Could Higher Taxes Increase the Long-Run Demand for Capital?: Theory and Evidences for Chile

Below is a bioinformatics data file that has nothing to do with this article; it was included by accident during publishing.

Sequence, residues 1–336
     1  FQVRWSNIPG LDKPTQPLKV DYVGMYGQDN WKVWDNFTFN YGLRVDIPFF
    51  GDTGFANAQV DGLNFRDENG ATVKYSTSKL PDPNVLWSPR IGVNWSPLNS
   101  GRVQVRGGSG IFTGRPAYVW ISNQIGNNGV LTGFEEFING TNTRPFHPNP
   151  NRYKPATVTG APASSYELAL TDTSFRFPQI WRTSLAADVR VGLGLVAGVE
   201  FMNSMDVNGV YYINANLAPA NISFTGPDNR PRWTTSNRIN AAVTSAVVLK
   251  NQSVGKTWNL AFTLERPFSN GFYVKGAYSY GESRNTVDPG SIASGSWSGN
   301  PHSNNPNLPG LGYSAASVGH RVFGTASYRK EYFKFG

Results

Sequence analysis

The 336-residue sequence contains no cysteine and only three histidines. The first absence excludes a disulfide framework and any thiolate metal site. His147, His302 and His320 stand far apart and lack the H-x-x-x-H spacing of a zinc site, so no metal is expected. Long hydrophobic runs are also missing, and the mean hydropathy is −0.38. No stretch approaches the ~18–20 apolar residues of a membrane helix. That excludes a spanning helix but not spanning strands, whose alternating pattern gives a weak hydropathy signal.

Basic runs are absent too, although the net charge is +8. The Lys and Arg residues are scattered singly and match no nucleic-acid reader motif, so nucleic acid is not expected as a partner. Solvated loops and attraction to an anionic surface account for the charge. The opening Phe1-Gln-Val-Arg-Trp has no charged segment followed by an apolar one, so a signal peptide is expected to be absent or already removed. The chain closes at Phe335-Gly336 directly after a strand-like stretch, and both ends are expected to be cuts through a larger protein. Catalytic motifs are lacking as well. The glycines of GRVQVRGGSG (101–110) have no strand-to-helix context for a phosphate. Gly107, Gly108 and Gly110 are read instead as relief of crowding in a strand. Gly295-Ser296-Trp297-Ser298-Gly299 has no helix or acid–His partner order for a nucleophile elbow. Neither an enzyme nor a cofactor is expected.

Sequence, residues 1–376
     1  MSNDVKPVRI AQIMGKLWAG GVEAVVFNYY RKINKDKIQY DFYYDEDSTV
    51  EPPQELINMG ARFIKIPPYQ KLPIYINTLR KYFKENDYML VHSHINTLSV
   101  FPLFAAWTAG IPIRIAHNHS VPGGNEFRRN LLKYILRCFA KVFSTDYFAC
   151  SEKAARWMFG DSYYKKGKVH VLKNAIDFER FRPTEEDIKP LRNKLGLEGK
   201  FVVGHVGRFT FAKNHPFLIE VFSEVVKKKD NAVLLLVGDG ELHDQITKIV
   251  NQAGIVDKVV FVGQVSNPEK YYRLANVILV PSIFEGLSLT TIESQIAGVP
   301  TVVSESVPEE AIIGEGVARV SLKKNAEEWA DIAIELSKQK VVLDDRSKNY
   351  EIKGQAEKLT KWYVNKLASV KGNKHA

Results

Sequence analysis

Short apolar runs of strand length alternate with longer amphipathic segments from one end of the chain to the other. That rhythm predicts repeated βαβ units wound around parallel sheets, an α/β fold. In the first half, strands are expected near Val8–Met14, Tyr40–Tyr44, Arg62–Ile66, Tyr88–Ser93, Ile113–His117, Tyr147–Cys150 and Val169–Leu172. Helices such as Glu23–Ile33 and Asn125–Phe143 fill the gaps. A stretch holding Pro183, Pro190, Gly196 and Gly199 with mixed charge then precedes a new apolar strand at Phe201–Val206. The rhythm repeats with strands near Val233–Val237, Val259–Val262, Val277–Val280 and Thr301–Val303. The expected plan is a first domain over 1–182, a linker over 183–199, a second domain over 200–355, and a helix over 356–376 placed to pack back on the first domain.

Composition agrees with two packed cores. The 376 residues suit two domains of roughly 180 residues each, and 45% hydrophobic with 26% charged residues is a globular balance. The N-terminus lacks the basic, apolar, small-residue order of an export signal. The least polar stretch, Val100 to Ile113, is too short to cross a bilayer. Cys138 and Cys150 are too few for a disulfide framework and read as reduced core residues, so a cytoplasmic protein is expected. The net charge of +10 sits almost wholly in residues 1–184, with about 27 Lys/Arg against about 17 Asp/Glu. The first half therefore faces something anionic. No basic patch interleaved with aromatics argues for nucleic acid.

Is a tax increase always detrimental for capital formation? This paper estimates a long-run demand for capital in Chile, and studies the responsiveness of firms’ desired capital stock to variations in tax rates. We combine the neoclassical model with a cointegration argument to obtain a long-run demand for capital that is valid for a general adjustment-cost structure. On theoretical grounds alone, there is no a priori reason why higher taxes should reduce the desired capital stock. Higher taxes reduce returns but simultaneously increase depreciation and interest payment allowances. When the sum of increased allowances is large enough, a higher corporate tax rate may reduce the cost of capital. We show that this result continues holding when the corporate veil is lifted and firms consider the income tax paid by its stockholders. The model is estimated with a panel of Chilean corporations with annual data between 1985 and 1995. The results we obtain suggest that changes in the corporate tax rate have almost no effect on the long run demand for capital: in 10 of the 11 years in our sample an increase in the corporate tax rate leads to a negligible increase in the desired capital stock. We also find that firms ignore the marginal rates their stockholders pay when they make investment decisions,i.e. there is a corporate veil.
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